The inquest was held on the Monday, with the formal result of a verdict of “Murder by a person or persons unknown,” and the psychological result of emphasizing the states of mind of the three chief sufferers within themselves. The world certified itself as being, to Lionel more fantastic, to Mornington more despicable, to Stephen Persimmons more harassing. To the young girl who lived in the waiting-room and was interrogated by the coroner, it became, on the contrary, more exciting and delightful than ever; although she had no information to give — having, on her own account, been engaged all the while so closely indexing letter-books that she had not observed anyone enter or depart by the passage at the side of her office.
On the Tuesday, however, being, perhaps naturally, more watchful, she remarked towards the end of the day, three, or rather four, visitors. The offices shut at six, and about half-past four the elder Mr. Persimmons, giving her an amiable smile, passed heavily along the corridor and up to his son’s room. At about a quarter past five Barbara Rackstraw, with Adrian, shone in the entrance — as she did normally some three or four times a year — and also disappeared up the stairs. And somewhere between the two a polite, chubby, and gaitered clergyman hovered at the door of the waiting-room and asked her tentatively if Mr. Mornington were in. Him she committed to the care of a passing office-boy, and returned to her indexing.
Gregory Persimmons, a little to his son’s surprise and greatly to his relief, appeared to have shaken off the mood of tantalizing amusement which had possessed him on the previous Friday. He discussed various financial points in the balance sheet as if he were concerned only with ordinary business concerns. He congratulated his son on the result of the inquest as likely to close the whole matter except in what he thought the unlikely result of the police discovering the murderer; and when he brought up the subject of Intensive Mastery he did it with no suggestion that anything but the most normal hesitation had ever held Stephen back from enthusiastic acceptance. In the sudden relief from mental neuralgia thus granted him, Stephen found himself promising to have the book out before Christmas — it was then early summer — and even going so far as to promise estimates during the next week and discuss the price at which it might reasonably appear. Towards the end of an hour’s conversation Gregory said, “By the way, I saw Tumulty yesterday, and he asked me to make sure that he was in time to cut a paragraph out of his book. He sent Rackstraw a postcard, but perhaps I might just make sure it got here all right. May I go along, Stephen?”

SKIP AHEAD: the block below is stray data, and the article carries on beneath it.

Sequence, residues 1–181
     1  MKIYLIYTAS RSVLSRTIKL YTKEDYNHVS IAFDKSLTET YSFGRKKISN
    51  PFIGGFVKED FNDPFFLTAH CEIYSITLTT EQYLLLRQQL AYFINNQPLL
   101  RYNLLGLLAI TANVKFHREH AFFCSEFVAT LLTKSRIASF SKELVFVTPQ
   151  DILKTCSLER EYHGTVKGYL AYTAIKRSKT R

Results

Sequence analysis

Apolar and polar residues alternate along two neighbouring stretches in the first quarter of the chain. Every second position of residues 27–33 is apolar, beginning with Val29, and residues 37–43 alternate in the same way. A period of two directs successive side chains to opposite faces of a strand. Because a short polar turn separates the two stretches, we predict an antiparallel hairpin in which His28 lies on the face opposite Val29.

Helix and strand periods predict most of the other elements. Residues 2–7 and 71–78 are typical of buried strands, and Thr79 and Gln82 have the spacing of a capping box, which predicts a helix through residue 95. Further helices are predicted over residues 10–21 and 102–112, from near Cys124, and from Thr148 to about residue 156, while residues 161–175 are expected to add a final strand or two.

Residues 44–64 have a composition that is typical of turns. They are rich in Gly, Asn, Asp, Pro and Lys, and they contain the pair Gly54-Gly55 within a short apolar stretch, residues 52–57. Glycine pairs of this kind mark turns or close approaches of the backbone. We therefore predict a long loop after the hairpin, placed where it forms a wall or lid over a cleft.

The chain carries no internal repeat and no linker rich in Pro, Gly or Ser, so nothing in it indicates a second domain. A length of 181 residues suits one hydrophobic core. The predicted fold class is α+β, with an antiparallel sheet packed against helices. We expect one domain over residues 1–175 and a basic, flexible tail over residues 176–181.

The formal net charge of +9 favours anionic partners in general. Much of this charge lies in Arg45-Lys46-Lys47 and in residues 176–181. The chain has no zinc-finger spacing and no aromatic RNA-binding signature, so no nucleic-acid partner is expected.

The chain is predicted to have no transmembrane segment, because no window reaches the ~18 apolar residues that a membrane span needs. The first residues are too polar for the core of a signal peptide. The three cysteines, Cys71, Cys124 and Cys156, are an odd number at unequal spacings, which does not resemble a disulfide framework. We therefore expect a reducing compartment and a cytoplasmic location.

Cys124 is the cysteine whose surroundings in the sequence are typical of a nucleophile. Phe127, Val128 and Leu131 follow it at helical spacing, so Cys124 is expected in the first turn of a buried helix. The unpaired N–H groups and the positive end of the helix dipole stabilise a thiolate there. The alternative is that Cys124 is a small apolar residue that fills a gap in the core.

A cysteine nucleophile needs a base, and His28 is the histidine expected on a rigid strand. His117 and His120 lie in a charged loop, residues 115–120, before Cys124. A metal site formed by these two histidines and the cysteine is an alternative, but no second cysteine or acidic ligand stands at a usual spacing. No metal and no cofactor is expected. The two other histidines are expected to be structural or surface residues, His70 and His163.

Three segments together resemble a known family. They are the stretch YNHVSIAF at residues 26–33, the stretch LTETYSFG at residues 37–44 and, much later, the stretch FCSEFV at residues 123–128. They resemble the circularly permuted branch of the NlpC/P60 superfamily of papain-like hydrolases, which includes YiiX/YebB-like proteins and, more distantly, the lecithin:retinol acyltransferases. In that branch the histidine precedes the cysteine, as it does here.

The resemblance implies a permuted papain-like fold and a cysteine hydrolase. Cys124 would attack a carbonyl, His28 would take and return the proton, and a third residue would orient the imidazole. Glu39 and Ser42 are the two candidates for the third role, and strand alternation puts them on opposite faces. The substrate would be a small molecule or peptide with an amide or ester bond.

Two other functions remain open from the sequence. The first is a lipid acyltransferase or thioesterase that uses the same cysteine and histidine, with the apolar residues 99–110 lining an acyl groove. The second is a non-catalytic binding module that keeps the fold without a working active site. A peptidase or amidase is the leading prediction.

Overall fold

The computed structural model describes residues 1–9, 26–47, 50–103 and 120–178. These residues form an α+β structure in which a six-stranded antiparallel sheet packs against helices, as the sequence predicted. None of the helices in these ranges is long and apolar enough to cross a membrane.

“Do,” Stephen said. “I’ll sign these letters and be ready by the time you’re back.” And, as his father went out with a nod, he thought to himself: “He couldn’t possibly want to go into that office again if he’d really killed a man there. It’s just his way of pulling my leg. Rather hellish, but I suppose it doesn’t seem so to him.”
Lionel, tormented with a more profound and widely spread neuralgia than his employer’s, had by pressure of work been prevented from dwelling on it that day. Soon after his arrival Mornington had broken into the office to ask if he could have a set of proofs of Sir Giles Tumulty’s book on Vessels of Folklore.
“I’ve got an Archdeacon coming to see me,” he said —“don’t bow — and an Archdeacon ought to be interested in folklore, don’t you think? I always used to feel that Archdeacons were a kind of surviving folklore themselves-they seem preChristian and almost prehistoric: a lingering and bi-sexual tradition. Besides, publicity, you know. Don’t Archdeacons charge? ‘Charge, Archdeacons, charge! On, Castra Parvulorum, on! were the last words of Mornington.”
“I wish they were!” Lionel said. “There are the proofs, on that shelf: take them and go! take them all.”
“I don’t want them all. Business, business. We can’t have murders and Bank Holidays every day.”
He routed out the proofs and departed; and when by the afternoon post an almost indecipherable postcard from Sir Giles asked for the removal of a short paragraph on page 218, Lionel did not think of making the alteration on the borrowed set. He marked the paragraph for deletion on the proofs he was about to return for Press, cursing Sir Giles a little for the correction — which, however, as it came at the end of a whole division of the book, would cause no serious inconvenience — and much more for his handwriting. A sentence beginning — he at last made out — “It has been suggested to me” immediately became totally illegible, and only recovered meaning towards the end, where the figures 218 rode like a monumental Pharaoh over the diminutive abbreviations which surrounded it. But the instruction was comprehensible, if the reason for it was not, and Lionel dispatched the proofs to the printer.